World Bulletin / News Desk
Work started early on Tuesday to open former President Turgut Özal's grave, as part of a belated investigation into the cause of the 1993 death of the president.
A crime investigation team, a bomb disposal team, police officers and officials from the Forensic Medicine Council are ready at the gravesite. Heavy machinery was deployed to the area early in the morning to carry out the work at the site which has been surrounded by steel plates so that it couldn't be seen from outside.
İstanbul Deputy Chief Public Prosecutor Oktay Erdoğan and ATK President Haluk İnce are also at Özal's gravesite -- located in İstanbul's Topkapı district -- to supervise the work.
The case was opened earlier this year, after a number of witnesses spoke of unusual circumstances on the day of the death of the president, who was reported to have suffered from a heart attack. The Ankara Chief Public Prosecutor's Office recently issued a warrant to exhume the remains of the president for toxicology testing.
The prosecutor's office is also investigating a number of unusual circumstances that came to light following Özal's supposed heart attack. Certain facts -- such as that on the day of his death his in-house doctor and nurse were both out, that staff were not able to start the ambulance due to a mechanical problem, the lack of first aid equipment at the presidential residence and other similar issues -- have led to suspicions surrounding the death of the former president.
In addition, the office is focused on inconsistencies between the statements of Özal's doctor and his family members regarding the lack of an autopsy. Özal's doctor, Cengiz Aslan, claimed that the family of the former president did not request an autopsy, but the Özal family has denied this claim.
Turkish defense industry exports increased by 21 percent in January-August period reaching over $1 billion, according to the national association of exporters.
High inflation figures are largely related to food prices, Turkey’s Deputy Prime Minister Ali Babacan said.
Turkish Aerospace Industries handed last four of modernized F-16 fighters to Pakistan in a ceremony in Ankara on Tuesday.
Tuesday's newspapers cover the corruption probe targeting President's Erdogan's son, PM Davutoglu’s unveiling of the new government program as well as more detentions in Turkey’s ‘wiretapping’ sweep.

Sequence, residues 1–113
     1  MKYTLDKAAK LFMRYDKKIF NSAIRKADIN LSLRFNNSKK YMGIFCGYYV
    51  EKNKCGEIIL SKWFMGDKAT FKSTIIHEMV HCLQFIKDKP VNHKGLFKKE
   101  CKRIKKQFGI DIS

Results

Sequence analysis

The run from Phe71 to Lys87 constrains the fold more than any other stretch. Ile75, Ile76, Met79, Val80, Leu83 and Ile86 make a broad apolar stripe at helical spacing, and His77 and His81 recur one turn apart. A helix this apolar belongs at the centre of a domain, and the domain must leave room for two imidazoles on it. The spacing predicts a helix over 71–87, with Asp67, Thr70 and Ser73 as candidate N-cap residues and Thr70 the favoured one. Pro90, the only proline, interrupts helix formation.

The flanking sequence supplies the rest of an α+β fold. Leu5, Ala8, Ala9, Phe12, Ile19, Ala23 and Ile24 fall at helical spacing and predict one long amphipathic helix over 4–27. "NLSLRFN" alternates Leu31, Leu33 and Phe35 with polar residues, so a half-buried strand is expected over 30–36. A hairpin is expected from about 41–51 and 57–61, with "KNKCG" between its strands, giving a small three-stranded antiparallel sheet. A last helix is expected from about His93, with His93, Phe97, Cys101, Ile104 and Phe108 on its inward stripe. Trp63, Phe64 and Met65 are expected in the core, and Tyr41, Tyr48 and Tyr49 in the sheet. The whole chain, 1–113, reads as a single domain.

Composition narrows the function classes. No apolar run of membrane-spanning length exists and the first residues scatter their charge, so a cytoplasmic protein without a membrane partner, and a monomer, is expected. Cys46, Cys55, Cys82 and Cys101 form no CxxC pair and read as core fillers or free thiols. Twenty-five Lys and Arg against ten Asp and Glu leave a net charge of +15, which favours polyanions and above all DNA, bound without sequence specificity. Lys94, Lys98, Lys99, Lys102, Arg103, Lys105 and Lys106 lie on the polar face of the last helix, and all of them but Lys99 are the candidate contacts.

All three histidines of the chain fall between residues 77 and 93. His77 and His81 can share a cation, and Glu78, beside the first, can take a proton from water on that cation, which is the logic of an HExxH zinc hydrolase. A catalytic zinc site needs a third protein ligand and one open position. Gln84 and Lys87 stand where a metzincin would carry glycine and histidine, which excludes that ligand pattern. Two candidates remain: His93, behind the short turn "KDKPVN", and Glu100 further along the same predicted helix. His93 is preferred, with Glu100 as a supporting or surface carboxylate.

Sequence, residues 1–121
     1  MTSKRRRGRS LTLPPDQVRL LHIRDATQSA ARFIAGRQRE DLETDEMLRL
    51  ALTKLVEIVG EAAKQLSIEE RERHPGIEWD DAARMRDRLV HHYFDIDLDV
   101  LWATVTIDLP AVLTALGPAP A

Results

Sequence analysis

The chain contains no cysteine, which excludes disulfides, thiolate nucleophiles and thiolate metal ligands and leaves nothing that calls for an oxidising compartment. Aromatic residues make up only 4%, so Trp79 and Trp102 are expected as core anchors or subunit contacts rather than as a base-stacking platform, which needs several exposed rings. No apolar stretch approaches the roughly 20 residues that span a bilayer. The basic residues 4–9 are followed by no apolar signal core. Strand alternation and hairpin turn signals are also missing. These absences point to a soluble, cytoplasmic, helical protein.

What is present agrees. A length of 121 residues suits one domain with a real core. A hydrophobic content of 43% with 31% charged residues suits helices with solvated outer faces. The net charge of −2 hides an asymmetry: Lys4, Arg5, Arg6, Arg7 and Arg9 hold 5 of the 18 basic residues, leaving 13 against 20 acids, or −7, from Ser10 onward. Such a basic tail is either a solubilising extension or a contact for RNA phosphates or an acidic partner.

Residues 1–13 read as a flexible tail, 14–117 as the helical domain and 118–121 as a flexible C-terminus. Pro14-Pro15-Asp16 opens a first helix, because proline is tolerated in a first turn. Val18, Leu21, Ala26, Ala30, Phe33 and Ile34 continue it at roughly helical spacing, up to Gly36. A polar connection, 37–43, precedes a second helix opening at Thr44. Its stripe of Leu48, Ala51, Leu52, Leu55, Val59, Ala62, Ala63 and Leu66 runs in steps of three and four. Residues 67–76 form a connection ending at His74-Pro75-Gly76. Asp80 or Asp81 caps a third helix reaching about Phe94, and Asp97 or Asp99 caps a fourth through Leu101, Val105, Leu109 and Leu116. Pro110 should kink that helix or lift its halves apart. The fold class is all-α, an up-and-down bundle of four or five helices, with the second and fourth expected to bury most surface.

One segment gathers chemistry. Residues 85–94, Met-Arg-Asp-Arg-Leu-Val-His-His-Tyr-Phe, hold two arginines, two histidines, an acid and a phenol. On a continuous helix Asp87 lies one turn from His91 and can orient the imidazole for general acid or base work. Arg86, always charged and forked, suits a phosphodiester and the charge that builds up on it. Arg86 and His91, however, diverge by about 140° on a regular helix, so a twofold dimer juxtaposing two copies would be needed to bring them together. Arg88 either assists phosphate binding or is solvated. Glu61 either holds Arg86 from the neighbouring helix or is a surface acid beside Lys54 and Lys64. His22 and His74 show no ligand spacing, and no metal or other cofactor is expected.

Turkey's Foreign Ministry urged Israel to withdraw their decision and stick to international law.
'To open the Halki Seminary (historic theological Greek school) is easy, but Greek side should take similar steps,' said President Erdogan.
The Turkish Exporters' Assembly announced a 5.2 percent rise in exports for August.
Turkey’s Foreign Ministry rejected claims about the country’s general consulate staff in Mosul, who have been kept hostage by rebels in Iraq since June 11.
New Prime Minister Ahmet Davutoglu outlined the coming government’s program, highlighting the resolution of the Kurdish question.
The programme put emphasis on a strong economy, envisaging a monetary policy which stepped up the struggle against inflation but also supported growth and employment
Erdogan and Davutoglu, who was appointed prime minister last week, have both made clear that their efforts to curb Gulen's influence will continue in their new roles
Amasya MP Mehmet Naci Bostanci is elected ruling AK Party's new parliamentary group deputy chairman.
Turkey's President Erdogan made his first foreign visit to the Turkish Republic of Northern Cyprus as president on Monday.
Ali Babacan will retain overall responsibility for the economy in the new cabinet, government spokesman Bulent Arinc said
Monday's newspapers cover German weekly Der Spiegel’s claims on foreign spying on Turkey, Turkish intelligence service’s purchase of a lie detector and ongoing construction works of Turkey’s Eurasia Tunnel Project.
Turkey's president Recep Tayyip Erdogan said he will discuss the issue of spying claims on Turjey with American and German leaders at the upcoming NATO summit and U.N. general assembly.